- Went to the excellent Memorial de Caen, which covers WWII and to a lesser extent conflicts after that. I can't the place highly enough - its the best WWII museum I've been to.
- I did a day tour of Normandy beaches, which included Juno, Gold and Omaha beaches, Ponte du Hoc, the American Memorial, and a few other places. It was run by the Memorial de Caen, and was excellent also.
- Saw the Bayeux Tapestry, the famous contemporary record of the 11th century Norman invasion of England, and had a walk around the quaint town of Bayeux.
- Followed the William the Conqueror walk through Caen
- In Caen, I had a wander around William's Castle , the city itself, and the Sunday markets. The markets were awesome, with heaps of fresh seafood and other goodies for sale (I had seafood paella for breakfast, and while eating it, was assaulted by two elderly Jehovas Witnesses - in French)

The Somme

My next base town was Amiens. I guess it's one of those irregular french words. I know "merde" is French for sh!t, but I can only gather that "Amiens" is French for sh!thole. The town was awful I thought. Beset with social problems, and very much part of an industrial rust belt that has modernised poorly. I arrived late, but it was still light enough to see the city. After some trouble, I finally found a hotel.

But I was in Amiens to check out some of Australia's WWI history in the Somme. Tours were based in nearby Albert. On the way there I met two middle-aged ladies, one of which had a little boy. I'd just got my ticket to Albert, and they were asking the lady on the enquiries desk about the next train to Albert. They were South African and just walked up and talked at the lady in English. I butted in and told them when it was due, and they just complained to me that "noone here speaks English."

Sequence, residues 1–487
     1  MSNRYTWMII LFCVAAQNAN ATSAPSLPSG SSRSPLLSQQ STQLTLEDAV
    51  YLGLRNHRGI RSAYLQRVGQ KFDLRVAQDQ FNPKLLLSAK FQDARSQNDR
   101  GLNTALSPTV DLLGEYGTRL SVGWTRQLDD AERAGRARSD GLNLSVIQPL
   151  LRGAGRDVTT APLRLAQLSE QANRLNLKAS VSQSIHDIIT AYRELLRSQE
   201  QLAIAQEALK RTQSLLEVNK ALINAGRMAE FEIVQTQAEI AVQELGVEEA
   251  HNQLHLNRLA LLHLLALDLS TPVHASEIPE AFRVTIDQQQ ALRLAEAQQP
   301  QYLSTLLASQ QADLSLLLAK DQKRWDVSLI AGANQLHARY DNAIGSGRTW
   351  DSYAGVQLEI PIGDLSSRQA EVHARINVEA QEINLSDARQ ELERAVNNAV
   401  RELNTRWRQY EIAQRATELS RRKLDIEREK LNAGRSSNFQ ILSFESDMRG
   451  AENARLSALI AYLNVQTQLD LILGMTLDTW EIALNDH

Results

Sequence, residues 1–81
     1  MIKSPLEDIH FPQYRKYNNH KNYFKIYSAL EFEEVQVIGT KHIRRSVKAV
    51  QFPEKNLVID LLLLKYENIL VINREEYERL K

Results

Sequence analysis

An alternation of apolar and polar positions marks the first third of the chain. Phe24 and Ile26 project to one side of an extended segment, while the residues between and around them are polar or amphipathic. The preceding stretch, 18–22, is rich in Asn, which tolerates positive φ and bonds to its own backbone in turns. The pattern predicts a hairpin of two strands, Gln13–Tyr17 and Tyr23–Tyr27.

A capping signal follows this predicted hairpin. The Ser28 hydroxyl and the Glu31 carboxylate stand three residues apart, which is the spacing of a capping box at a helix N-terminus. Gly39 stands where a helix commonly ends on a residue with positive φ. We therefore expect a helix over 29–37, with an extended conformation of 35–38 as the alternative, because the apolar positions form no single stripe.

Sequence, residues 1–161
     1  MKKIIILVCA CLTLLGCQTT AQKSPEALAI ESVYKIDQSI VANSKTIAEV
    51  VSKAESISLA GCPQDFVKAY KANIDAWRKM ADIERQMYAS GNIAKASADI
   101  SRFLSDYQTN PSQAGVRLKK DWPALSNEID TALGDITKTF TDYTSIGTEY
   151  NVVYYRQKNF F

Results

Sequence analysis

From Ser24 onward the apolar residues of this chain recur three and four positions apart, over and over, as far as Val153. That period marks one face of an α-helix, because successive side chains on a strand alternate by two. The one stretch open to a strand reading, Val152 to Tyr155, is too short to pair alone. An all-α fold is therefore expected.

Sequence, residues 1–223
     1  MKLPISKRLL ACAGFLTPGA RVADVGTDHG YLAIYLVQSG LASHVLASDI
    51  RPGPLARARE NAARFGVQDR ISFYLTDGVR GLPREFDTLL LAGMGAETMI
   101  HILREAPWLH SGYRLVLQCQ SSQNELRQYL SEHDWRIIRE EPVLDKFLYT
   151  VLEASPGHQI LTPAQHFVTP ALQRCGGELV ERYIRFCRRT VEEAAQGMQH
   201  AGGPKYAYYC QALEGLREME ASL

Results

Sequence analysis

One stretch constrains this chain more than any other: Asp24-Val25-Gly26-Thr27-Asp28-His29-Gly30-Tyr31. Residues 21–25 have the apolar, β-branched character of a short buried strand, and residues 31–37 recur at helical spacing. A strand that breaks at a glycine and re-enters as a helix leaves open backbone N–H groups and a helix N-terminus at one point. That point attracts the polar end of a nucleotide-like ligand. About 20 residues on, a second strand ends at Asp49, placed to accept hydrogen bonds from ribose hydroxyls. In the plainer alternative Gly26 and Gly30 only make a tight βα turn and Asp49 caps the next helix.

Then they walked off speaking to each other in Afrikaans.

We got the train and left the station together, with them deciding "its probably best that we stick together." Fast as I walked, they seemed to keep up (I really need to work out), so I found the Tourism Office for them, and we found out we'd missed the battlefield tour. I spent the rest of the day visiting the (limited) sights of Albert (the rebuilt Basillica, the "Somme 1916" museum), all the while trying to avoid my Afrikaans "friends".

I got back to the hotel and trouble was brewing . Seems like my hotel "accidentally" forgot that I was staying for two nights, and gave my room away. They were good enough to remove my clothes, backpack, etc from my room and leave them at reception. The lady on reception apparently "hadn't heard" that I wanted to stay a second night, and because I'd only paid for the first night ... well you get the picture ... sh!thole. That said I did get a really nice pic of the River Somme at dusk there, and one of dawn (looking over the railyards towards an industrial wasteland).

Anyways, I made it to the tour the next day. I was the only person on the tour, so we got to see some neat stuff, like:
- Lochnagar crater - see my pic here
- Gordon Dump Cemetery
- Pozieres, and the ANZAC 1st Division Memorial
- Mouquet Farm and Thiepval Memorial (which is massive - about 30m high!)
- Beaumont Hamel - intact trenches from WWI
- unfortunately I didn't get to Villers-Bretonneux

It was pretty good, and the guy was pretty knowledgable (he'd have to be - there are some real military buffs out there), but also pretty up himself. A school kid mistakenly thought a picture of Hitler from WWI was taken in Manchester, and he butted in and said "umm ... Manchester? What does that word say?? Munich. I mean *hello*!"

The kid was about 13.

And on that note it was off to Ypres in Belgium.

Ypres and Ghent

Ypres is incredible. It was completely devistated during WWI, and the town square was rebuilt exactly as it was before. The old gate on Menin Road was replaced by a massive dedication to the missing soldiers of the British Empire, called the Menin Gate. At 8pm every night they play the Last Post. And going to it is incredible. Goosebumps. Shivers down my spine.

Other than that, all I did in Ypres was another day tour, which included visits to:
- a few cemeteries, including Tyne Cot, the largest Commonwealth forces cemetery in the world
- the moving German cemetery at Langemarck
- the Brooding Soldier, and amazing Canadian monument
- the Hill 62 Museum

The museum was based on some untouched trenches . And inside the museum was clutter. It was like everything that they had they put out on display. Piles of rusty shell casings. You could barely move.

Then I saw the guy who ran it. He was huge (I had to pretend I was taking a picture of the stuff in the foreground in this pic - look at the evil he's giving me), which sorta made sense. No discretion or moderation in what he displays, and no discretion or moderation in his diet.